Circle of Dead Children

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Circle of Dead Children
Origin Pittsburgh, Pennsylvania, United States
Genres Deathgrind, grindcore
Years active 1998–present
Labels Willowtip Records
Members Joe Horvath
Brooks
Drew Haritan
Matt Francis

Circle of Dead Children is a deathgrind band formed on October 24, 1998, in Pittsburgh, Pennsylvania who refer to themselves as "purveyors of pure aural destruction with [a] claustrophobic, dense take on extreme metal." [1]

After a self-titled demo in 1998, Circle of Dead Children signed on with Willowtip Records to release their first full-length album, Starving the Vultures, which comprised the demo tracks as well as several new ones. Since then, Circle of Dead Children has been signed to S.O.A. Records, Robodog Records (now called Robotic Empire), Necropolis Records, Deathvomit Records, Martyr Music Group, Earache Records, Displeased Records and Candlelight Records. They are currently signed with Willowtip once again, having passed on deals from larger labels on several occasions. Since its debut, the band has undergone numerous lineup changes; only one of the original members, Joe Horvath, still remaining.

History[edit]

Formation and early history[edit]

Circle of Dead Children formed after Joe Horvath and Jason Andrews previous band, .blackwel. had broken up. They joined with John Kubacka, David Good and Jon Miciolek who had been playing in various punk bands at the time. Following their tenth practice they recorded their first and only demo cassette, which was self-titled. The band focused on playing around the Pittsburgh area for its first couple years of existence. Each of the live concerts during the first couple of years had seen vocalist, Joe Horvath, commit to self-battery and bloodshed, adding to the shock value.[1]

Self-titled demo cassette[edit]

Following their tenth practice in 1998, Circle of Dead Children self-financed a self-titled demo cassette which was sold, and subsequently sold out, at their first two live shows. There were one-hundred copies made for distribution. The demo contained four tracks and had a total playing time of just 5:45.[2]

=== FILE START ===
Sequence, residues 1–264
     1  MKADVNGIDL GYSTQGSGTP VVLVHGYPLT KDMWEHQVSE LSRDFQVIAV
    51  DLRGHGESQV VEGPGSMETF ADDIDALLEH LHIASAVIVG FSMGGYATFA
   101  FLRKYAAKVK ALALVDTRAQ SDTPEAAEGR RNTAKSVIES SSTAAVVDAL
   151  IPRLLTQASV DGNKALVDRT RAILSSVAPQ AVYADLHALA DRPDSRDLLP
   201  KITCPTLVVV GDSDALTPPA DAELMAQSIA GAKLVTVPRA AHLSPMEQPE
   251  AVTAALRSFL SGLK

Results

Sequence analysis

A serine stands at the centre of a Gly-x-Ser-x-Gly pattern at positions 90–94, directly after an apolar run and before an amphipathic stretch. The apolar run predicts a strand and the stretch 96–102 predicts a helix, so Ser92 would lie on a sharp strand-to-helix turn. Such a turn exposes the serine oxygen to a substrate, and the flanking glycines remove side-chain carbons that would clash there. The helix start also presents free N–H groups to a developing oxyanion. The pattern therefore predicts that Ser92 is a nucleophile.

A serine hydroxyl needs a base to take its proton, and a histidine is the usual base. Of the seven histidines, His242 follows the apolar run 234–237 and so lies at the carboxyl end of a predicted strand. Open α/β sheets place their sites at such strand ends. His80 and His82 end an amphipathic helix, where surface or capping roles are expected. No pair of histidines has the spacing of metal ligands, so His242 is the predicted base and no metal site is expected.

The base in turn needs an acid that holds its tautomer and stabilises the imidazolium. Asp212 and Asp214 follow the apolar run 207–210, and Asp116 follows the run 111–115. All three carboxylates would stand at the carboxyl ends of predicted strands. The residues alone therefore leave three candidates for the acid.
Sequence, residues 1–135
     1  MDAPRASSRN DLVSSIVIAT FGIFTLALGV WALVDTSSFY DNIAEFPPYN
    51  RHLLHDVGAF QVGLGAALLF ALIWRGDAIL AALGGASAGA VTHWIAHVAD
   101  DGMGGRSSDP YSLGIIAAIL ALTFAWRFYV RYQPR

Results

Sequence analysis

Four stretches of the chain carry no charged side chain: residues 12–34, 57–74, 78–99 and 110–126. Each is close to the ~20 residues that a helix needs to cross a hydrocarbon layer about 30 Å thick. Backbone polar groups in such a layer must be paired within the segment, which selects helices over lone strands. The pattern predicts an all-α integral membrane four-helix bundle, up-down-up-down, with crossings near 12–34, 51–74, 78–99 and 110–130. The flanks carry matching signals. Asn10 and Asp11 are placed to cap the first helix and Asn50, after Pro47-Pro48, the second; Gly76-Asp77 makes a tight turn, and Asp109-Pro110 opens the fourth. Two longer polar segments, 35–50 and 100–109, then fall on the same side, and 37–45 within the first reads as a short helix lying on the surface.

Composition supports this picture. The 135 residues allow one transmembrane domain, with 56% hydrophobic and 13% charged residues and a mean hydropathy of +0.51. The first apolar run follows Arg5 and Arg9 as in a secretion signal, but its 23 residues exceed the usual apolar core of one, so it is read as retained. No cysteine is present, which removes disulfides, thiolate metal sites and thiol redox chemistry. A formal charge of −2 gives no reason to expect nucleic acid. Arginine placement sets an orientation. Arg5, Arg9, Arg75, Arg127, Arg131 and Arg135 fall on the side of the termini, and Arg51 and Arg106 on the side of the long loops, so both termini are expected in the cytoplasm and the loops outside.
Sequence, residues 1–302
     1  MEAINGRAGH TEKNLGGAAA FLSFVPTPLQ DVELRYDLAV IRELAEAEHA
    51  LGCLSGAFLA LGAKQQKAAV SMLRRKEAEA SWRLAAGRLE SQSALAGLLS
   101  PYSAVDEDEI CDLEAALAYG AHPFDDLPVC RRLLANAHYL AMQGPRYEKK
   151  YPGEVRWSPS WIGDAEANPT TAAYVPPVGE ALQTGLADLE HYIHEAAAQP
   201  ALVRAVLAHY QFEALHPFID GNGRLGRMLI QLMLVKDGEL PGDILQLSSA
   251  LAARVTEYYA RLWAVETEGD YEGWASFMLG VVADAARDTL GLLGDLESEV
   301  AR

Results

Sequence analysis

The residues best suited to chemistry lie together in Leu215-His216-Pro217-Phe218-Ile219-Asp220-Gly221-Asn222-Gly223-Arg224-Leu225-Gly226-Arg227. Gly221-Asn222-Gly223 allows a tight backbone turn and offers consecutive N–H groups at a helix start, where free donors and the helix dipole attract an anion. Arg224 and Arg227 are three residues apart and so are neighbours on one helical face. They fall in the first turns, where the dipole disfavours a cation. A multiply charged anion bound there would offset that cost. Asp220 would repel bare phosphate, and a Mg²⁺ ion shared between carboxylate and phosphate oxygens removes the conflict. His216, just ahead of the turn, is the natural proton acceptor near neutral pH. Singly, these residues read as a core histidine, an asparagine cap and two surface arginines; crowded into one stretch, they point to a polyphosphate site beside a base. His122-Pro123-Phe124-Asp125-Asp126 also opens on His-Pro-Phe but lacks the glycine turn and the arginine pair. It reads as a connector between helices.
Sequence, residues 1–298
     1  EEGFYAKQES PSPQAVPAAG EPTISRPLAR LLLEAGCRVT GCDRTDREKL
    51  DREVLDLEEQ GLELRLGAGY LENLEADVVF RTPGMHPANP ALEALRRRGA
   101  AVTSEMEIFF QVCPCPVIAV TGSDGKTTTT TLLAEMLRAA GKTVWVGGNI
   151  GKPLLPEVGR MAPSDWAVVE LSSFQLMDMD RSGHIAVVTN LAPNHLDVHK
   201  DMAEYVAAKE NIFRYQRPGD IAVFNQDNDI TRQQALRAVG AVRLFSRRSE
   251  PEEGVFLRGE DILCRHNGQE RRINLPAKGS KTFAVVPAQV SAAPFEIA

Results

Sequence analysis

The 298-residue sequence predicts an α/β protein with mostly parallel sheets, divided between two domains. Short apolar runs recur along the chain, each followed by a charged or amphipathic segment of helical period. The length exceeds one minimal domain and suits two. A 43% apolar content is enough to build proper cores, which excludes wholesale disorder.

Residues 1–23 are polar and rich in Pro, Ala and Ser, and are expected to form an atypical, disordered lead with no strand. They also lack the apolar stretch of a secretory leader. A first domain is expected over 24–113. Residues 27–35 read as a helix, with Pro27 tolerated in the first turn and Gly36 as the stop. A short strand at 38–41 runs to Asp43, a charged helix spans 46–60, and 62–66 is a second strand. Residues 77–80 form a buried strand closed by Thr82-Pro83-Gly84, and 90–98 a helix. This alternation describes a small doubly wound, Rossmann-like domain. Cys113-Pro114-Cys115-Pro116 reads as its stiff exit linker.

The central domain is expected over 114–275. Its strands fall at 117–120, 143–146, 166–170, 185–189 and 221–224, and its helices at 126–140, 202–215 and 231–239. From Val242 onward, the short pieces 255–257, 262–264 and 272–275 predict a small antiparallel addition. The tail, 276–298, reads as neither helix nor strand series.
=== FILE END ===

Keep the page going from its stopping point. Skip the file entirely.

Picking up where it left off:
Starving The Vultures[edit]

Shortly after releasing a demo cassette, Circle of Dead Children signed a deal with Willowtip Records and developed their first album, Starving the Vultures. It contained the four tracks from their demo cassette in addition to ten more songs. They recorded this release with Todd Doehring at a makeshift studio inside of a now condemned (and now demolished) giant warehouse building, called Plus/Minus Studios, Pittsburgh, Pennsylvania. Todd had little experience recording 'death-metal' at the time, having mostly recorded/produced jazz and avant-garde groups/bands, but he quickly realized that this was some incredible, powerful, and sincerely awesome songwriting and performance talent. Many interesting discussions between Joe Horvath and Todd Doehring resulted in a fantastic recording that will likely stand 'the test of time' as possibly the best metal (deathgrind) to emanate from Pittsburgh. The album was released in 1998, on compact disc through Willowtip Records. A limited edition vinyl LP version with a pressing of 500 was released through Italian record label, S.O.A. Records and has long since been sold out. The album received positive reviews, praising the band's unique approach of extreme metal. The fourteen tracks have a total playing time of 24:18.

Exotic Sense Decay [EP][edit]

In 1999, Circle of Dead Children were originally approached to do a split 10" record with Ontario, Canada metal band, Maharahj.[1] Within two and half weeks, CODC had written and recorded 7 tracks for the proposed release.[1] It was recorded at Plus/Minus Studios, in Pittsburgh, PA, with Todd Doehring. The band recorded with all lights shut off and only a few tea candles lit and scattered through the warehouse. After several setbacks with the other band and proposed record label, Circle of Dead Children made the decision to release the songs as a CD-EP on Willowtip Records. They also released the songs on a limited-edition 7" picture disc record, on Robodog Records, with a pressing of 500. Each side of the picture disc featured unique artwork. Vocalist, Joe Horvath, painted the art that became the album cover for this release, after having difficulty finding suitable artwork that they could commission. He titled the piece, "The Cost of Impatience".[1] Following the release of 'Exotic Sense Decay', CODC parted ways with original bass player, David Good. This release featured seven tracks and a total playing time of 12:19.